Daimler Trucks Plants May Lose 1,300 Jobs
RALEIGH, N.C. (AP) — Daimler Trucks North America warned Thursday that about 1,300 factory jobs could be lost in North Carolina and Oregon, reversing course a year after announcing a rebound in U.S. and overseas commerce was boosting demand for freight-hauling equipment.
Portland, Ore.-based Daimler Trucks could cut 715 jobs at a factory in Cleveland, N.C., that builds Freightliner long-distance trucks, 405 at a Mount Holly plant that builds smaller Freightliner delivery trucks, and 80 at a Gastonia parts plant, according to a notice provided to the state's Commerce Department. The layoffs could hit in April if other efforts fail to address lower demand, Daimler Trucks said.
"The action was taken due to the present softening of economic conditions that has adversely impacted the entire North American commercial vehicle industry," the company said in a statement.
The company also will decide by the end of February on layoffs at a Portland, Ore., factory that builds Western Star trucks, spokesman David Giroux said. A union official told The Oregonian (http://is.gd/l0BqJq ) that Daimler Trucks has provided notice it may cut up to 250 workers at the plant.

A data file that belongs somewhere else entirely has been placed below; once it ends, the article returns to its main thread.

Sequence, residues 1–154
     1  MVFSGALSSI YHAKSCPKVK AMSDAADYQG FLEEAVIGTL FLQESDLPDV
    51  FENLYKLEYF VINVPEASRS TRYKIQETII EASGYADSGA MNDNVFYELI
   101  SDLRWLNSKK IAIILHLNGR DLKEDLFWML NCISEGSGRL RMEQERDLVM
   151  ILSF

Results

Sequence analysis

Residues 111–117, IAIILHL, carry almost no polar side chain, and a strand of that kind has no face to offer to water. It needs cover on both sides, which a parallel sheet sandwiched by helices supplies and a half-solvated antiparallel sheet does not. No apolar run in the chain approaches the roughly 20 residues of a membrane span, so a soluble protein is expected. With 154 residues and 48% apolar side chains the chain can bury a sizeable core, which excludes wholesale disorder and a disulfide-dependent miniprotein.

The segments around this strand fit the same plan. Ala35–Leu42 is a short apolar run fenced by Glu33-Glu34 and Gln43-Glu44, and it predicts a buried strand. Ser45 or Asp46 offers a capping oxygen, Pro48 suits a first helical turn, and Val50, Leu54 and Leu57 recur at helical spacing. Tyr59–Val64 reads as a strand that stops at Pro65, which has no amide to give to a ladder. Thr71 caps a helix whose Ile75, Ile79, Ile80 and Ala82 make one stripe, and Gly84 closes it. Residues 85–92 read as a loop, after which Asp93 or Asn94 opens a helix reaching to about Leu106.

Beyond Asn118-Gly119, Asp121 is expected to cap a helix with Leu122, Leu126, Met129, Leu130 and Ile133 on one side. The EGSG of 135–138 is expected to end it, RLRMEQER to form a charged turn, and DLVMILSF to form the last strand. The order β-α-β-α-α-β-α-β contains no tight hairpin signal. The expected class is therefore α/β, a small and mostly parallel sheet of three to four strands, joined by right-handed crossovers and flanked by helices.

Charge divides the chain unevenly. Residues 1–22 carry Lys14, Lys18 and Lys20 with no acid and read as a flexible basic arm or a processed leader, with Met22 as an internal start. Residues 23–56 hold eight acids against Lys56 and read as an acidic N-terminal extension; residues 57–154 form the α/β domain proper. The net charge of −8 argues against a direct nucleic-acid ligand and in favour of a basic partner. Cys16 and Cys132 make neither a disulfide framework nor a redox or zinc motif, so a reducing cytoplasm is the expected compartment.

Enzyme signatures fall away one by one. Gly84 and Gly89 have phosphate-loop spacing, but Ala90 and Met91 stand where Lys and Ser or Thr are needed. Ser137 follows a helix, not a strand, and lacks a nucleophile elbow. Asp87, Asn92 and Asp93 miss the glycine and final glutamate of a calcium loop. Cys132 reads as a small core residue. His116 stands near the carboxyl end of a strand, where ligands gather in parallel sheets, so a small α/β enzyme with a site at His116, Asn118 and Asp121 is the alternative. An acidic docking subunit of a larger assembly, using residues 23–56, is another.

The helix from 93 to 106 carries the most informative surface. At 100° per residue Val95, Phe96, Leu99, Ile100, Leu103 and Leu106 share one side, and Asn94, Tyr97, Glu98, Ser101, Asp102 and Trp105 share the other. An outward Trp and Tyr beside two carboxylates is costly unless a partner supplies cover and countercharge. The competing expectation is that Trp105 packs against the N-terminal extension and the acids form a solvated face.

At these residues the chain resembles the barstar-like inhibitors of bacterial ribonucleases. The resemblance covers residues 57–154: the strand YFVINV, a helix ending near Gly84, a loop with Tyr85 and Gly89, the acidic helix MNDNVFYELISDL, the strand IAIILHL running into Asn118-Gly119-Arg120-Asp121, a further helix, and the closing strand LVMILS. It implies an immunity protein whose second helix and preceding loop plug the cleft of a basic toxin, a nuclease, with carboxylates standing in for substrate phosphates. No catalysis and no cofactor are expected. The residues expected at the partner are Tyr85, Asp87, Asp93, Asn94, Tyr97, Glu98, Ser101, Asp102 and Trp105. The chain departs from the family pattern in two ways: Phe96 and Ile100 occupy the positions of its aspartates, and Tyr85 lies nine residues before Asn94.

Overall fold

Giroux said the Portland jobs were included in the 1,300 potential layoffs the company announced Thursday. He did not explain how the company arrived at a figure of about 1,300 given that North Carolina authorities were advised of 1,200 possible layoffs and Portland union officials of 250 more.
The company, which employs about 20,000 at plants in the United States and Mexico, does not expect the potential layoffs to hit a factory building Thomas Built school buses in High Point or another making Freightliner chassis in Gaffney, S.C., spokesman David Giroux said. Daimler Trucks is a division of Stuttgart, Germany-based Daimler AG.
Daimler Trucks said because transport trucks across North America are wearing out it is "cautiously optimistic" commercial vehicle sales will improve this year despite slower economic growth.
The company last year announced with fanfare that it expected to rehire about 1,100 laid-off workers to its Cleveland, N.C., plant to meet improving demand in the U.S. and overseas. Daimler Trucks said last summer it rehired only about half its stated goal as demand slowed.